Tag Archives: Gord Downie

Real-life Superheroes: Tessa Virtue & Scott Moir

Canada’s sweethearts

When I lived in South Korea between 1997 and 2007, Koreans would often ask me, “What’s the difference between Canadians and Americans?”

It’s a fair question. Many people around the world have asked me that same question. I won’t pretend I have the one answer that will make people go Ohhhhhhhh…so that’s it!

Instead, I will offer something from today’s Toronto Star that pretty much encapsulates one of the fundamental differences between our two great countries, the melting pot and the mosaic.

In an article titled “Tessa Virtue and Scott Moir to pay tribute to Gord Downie in Olympic gala skate,” we have now learned that Canadian Olympic superstars Tessa Virtue and Scott Moir, who just captured gold for their second time in figure skating, will skate to The Tragically Hip’s “Long Time Running” on Sunday for the Pyeongchang figure skating gala.

Which brings us back to the original question: What separates our two remarkable countries?

We in Canada are a country of people who love to say “Soooory.” We apologize to others when they are in the wrong. We hold the door open for strangers without expectation of being thanked.

Canadians have been accused of being somewhat bucolic and provincial at times compared to their American brethren, and while that’s true (now and again), Sunday’s skate by Virtue and Moir will capture the very best of why I am proud to be Canadian.

They are unrivaled Olympians in their discipline, loved by an entire country, and will honour a near and dear Canadian who passed in 2017 who, it just happens, was a good friend of Prime Minister Justin Trudeau. I can guarantee you that more Canadians will watch that skate live than have watched our men’s or women’s Olympic hockey teams.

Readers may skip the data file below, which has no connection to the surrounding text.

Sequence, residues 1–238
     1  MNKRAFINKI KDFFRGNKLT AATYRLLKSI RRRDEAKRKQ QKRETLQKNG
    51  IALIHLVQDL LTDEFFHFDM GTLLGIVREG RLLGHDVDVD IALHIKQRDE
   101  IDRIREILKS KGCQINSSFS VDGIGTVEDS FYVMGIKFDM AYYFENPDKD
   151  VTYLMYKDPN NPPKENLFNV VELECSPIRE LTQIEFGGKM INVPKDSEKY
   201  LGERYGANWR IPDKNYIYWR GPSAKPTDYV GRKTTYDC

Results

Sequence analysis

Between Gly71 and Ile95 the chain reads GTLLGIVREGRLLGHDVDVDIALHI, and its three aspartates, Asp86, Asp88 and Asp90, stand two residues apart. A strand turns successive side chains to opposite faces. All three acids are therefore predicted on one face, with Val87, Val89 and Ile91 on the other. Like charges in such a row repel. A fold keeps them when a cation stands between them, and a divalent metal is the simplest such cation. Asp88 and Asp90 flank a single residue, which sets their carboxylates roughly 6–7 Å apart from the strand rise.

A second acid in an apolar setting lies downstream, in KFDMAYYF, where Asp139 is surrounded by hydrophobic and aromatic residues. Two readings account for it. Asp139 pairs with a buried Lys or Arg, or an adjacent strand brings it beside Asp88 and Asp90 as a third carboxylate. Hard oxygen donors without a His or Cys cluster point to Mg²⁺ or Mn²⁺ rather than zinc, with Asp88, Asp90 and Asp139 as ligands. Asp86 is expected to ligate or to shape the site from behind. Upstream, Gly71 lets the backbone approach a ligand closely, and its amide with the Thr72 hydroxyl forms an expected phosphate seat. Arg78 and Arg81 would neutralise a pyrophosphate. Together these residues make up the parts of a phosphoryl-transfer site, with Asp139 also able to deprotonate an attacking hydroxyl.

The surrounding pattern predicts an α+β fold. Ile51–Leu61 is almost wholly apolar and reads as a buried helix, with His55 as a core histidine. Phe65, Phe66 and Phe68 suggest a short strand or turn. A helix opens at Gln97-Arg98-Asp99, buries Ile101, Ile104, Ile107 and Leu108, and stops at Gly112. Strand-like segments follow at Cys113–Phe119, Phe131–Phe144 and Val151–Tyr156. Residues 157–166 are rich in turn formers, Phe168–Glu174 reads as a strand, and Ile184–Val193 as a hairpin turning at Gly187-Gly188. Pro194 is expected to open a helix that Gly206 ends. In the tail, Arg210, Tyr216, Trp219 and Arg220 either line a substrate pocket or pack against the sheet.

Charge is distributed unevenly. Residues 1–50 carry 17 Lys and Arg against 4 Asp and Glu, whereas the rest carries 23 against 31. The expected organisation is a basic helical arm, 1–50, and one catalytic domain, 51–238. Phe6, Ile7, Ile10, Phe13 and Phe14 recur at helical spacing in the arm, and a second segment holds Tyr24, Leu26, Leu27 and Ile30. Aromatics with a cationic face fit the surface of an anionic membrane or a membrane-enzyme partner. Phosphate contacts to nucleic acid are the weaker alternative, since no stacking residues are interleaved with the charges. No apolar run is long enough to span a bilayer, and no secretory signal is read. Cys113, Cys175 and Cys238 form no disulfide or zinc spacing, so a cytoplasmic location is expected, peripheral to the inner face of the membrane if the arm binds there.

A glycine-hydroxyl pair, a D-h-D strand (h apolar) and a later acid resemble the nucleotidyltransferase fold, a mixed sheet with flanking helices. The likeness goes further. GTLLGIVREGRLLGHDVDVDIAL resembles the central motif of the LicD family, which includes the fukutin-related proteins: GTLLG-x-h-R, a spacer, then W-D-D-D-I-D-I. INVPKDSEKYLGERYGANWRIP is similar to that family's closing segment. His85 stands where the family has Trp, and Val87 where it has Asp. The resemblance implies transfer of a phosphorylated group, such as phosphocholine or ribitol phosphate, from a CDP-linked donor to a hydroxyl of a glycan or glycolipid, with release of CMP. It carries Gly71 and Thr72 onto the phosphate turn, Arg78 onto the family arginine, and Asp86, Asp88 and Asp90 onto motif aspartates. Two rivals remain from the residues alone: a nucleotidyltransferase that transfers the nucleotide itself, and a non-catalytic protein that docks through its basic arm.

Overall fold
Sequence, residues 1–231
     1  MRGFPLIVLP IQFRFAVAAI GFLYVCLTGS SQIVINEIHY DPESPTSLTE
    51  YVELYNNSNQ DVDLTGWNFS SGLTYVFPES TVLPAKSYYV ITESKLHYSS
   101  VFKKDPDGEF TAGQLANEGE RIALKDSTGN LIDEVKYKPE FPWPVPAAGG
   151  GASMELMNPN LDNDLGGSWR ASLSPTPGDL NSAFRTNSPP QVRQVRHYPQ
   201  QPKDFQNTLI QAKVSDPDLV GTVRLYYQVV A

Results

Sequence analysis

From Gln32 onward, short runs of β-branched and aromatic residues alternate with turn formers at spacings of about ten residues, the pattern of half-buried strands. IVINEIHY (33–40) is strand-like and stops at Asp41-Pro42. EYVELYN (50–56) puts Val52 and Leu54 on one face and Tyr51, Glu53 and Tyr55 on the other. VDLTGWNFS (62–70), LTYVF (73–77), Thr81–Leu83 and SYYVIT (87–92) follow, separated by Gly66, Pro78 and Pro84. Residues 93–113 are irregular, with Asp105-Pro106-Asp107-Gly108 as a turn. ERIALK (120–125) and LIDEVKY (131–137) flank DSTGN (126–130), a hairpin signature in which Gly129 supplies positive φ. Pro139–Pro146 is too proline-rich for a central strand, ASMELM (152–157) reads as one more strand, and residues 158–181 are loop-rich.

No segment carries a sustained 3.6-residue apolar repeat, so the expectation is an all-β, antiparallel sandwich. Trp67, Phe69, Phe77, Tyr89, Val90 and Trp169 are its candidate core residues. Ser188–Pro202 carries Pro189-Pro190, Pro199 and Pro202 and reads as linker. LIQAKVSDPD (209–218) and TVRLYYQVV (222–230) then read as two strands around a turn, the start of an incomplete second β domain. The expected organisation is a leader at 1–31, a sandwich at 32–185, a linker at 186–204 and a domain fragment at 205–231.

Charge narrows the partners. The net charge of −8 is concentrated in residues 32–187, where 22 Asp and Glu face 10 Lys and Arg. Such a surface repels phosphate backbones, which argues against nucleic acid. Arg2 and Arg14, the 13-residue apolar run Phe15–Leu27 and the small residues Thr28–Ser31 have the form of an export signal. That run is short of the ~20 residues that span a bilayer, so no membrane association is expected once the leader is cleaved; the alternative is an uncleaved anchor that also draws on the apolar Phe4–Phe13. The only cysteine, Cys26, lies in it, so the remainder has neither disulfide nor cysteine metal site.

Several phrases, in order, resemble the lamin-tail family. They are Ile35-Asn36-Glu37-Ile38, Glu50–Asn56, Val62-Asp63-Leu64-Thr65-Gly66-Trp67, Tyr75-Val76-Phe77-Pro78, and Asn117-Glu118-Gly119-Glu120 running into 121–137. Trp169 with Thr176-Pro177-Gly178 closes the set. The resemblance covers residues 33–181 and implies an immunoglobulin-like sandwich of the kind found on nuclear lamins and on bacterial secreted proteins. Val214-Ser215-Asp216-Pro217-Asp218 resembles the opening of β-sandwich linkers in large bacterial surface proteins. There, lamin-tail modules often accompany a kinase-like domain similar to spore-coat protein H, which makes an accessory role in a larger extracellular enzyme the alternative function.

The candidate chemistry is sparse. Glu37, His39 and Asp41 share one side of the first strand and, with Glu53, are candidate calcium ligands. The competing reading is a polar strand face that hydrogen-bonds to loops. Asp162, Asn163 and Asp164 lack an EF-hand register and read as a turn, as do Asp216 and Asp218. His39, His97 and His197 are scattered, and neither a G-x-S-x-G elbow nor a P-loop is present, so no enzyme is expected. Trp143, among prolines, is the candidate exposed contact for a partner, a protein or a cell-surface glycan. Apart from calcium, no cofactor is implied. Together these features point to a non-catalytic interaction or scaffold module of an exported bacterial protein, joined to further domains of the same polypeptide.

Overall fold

Why? Because we love to be united in Canada by the sentimental. We revel in it. We’re flawed and imperfect as a country because, by definition, we are composed of human beings. But we try really, really, really hard to rise up past the shit that so often sinks other countries.

This comes in stark contrast to (yet another) horrible mass shooting at a school in the United States, where the Second Amendment will continue to plague and divide an incredible country, one in which its president needs a bullet list of questions to come across as empathetic when meeting with survivors of the latest massacre in Florida.

In Canada, we celebrate diversity and honour that which unites – not divides – us, even if it’s something as silly as a poet, a hockey game, or a prime minster weeping in the House of Commons because our country lost a beautiful person that brought out the best in all of us.

If that stands as provincial and bucolic, then I guess that’s what we are as Canucks. And I’m proud to be one.

On a side note, and for all those who love the Hip, I think Virtue and Moir could have chosen two other songs to skate to, “Wheat Kings” or “Nautical Disaster.” But they didn’t. They chose “Long Time Running.”

Whatever. It doesn’t matter. What matters is that these two rock stars, our national sweethearts, are bringing us closer together as a country in a time when nations, kind of like the one just south of us, are being ripped apart by violence, hate and propaganda.

Tessa Virtue, Scott Moir, my love for you is boundless, my gratitude eternal. You are real-life superheroes.

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Gord Downie: Quote of the Day

 

“Poetry is a voice that characterizes a nation. We should become a nation of poets rather than America-hater. It’s certainly more interesting.”

— Gord Downie, Canada’s rock-poet laureate

Canada is a nation in mourning. Tributes and farewells and love letters will continue to pour in, but we will never have him again. He has returned to that eternal and ethereal place among the stars where the brightest among us shine in perpetuity.